There are a range of stinging insects possessing venom capable of causing an allergic reaction in humans. These are members of the Hymenoptera family which include bees wasps and ants.
Although the vast majority of people will only experience an unpleasantly painful sting from these insects, for around one percent of the population such a sting could be life-threatening. They may experience an extreme allergic reaction known as anaphylaxis which is responsible for around 50 deaths a year in the U.S. alone.
As the body’s extreme reaction to the insect venom is not rational the actual danger posed from each species is broadly similar, and not related to how painful the sting is. With this in mind it is the most common and most aggressive insects that should be considered most dangerous.
Below are some of the groups of insects that can provoke a severe allergic reaction.
Wasps & hornets
The vespids are a group of insects that include paper wasps, yellow jackets, hornets and other wasp species. More people are actually allergic to wasp stings than bee stings, which is unfortunate as wasps are generally more aggressive than bees.
Yellow jackets (or common wasps) and paper wasps are probably the biggest nuisance. They regularly build their nests within buildings and are the bane of anyone trying to have a picnic in late summer. These wasp species will actively defend their nests which frequently brings them into conflict with humans. In addition, unlike bees, wasps do not die when they sting and will attack repeatedly.
Whilst hornets are far more intimidating and capable of delivering an equally nasty sting they are usually less aggressive. As their nests tend to be high in trees there is also a decreased likelihood of stinging.
Bees are largely non-aggressive and, like wasps, it is only the females which possess a sting. Unlike wasps, most bees have a barbed sting which remains in the skin afterwards, also killing the bee in the process.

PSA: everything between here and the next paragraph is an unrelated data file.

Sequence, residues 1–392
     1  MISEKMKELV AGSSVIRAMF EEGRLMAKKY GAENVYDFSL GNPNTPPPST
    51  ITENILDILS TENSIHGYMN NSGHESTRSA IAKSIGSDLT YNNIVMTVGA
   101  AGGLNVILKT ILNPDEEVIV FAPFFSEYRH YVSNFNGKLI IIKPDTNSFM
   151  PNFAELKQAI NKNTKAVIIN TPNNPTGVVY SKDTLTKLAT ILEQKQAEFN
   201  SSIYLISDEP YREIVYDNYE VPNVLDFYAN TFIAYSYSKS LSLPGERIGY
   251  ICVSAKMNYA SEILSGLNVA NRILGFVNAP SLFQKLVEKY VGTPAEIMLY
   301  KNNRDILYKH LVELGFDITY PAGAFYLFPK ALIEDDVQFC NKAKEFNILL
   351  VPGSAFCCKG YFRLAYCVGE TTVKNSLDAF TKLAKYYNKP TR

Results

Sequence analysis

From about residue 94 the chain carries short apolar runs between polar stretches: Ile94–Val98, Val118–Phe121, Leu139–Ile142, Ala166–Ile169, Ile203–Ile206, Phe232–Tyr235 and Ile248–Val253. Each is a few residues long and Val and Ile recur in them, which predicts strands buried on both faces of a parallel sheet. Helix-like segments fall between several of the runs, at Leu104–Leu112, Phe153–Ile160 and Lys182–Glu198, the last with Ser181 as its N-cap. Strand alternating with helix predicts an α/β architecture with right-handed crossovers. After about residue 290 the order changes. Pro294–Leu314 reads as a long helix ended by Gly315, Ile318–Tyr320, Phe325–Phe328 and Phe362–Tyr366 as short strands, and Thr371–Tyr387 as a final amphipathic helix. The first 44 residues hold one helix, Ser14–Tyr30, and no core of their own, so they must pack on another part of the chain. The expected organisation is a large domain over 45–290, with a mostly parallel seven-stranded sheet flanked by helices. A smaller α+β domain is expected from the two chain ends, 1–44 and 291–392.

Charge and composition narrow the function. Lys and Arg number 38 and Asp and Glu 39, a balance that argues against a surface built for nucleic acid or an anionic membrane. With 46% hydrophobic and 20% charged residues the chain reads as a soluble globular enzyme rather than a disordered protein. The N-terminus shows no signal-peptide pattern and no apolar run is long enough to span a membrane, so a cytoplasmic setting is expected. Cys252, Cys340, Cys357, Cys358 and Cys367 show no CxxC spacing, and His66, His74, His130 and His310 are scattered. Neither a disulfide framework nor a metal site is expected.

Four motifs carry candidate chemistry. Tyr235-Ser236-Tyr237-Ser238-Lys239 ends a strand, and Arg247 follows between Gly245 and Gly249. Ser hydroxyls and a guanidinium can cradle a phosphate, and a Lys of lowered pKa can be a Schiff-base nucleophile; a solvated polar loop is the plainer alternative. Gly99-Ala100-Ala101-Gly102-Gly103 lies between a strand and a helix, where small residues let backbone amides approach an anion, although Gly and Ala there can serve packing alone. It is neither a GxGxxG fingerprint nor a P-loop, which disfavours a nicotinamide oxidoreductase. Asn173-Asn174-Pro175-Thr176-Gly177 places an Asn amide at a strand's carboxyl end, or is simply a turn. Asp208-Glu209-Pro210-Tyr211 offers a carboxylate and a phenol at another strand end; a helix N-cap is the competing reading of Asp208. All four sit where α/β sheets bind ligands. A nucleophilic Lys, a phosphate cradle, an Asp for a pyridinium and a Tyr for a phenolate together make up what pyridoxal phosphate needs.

As the most common species honey bees are most likely to sting, they are also more likely to cause an allergic reaction. Other species such as the bumble bee and sweat bees are less likely to cause an adverse reaction (or sting).
The one exception to these passive natured bees are the Africanized honey bees, or ‘killer bees’ to give them their stage name. Now found in parts of the Southwestern U.S these hybrid bees are more aggressive and have been known to attack in swarms even without provocation.
In America it is the fire ant, and to a lesser extent harvester ants, which present the biggest danger. Both these ants can deliver a painful sting with the harvester ant reputedly having the most powerful venom of any insect. The red imported fire ant was originally native to Brazil but is now found through much of Southeastern U.S.
Fire ants will attack en masse if their nest is disturbed. This inevitably results in multiple stings. Not only will many ants be involved but each ant will cling on with its jaws whilst stinging repeatedly. The result is painful and itchy for most but can bring on a severe allergic reaction in others.
Fire ants have also found their way to Australia but here the most common cause of anaphylaxis from ant stings is the Australian Jack Jumper ant. These are found all along the east coast along with green ants in Queensland, which may also cause allergic reactions.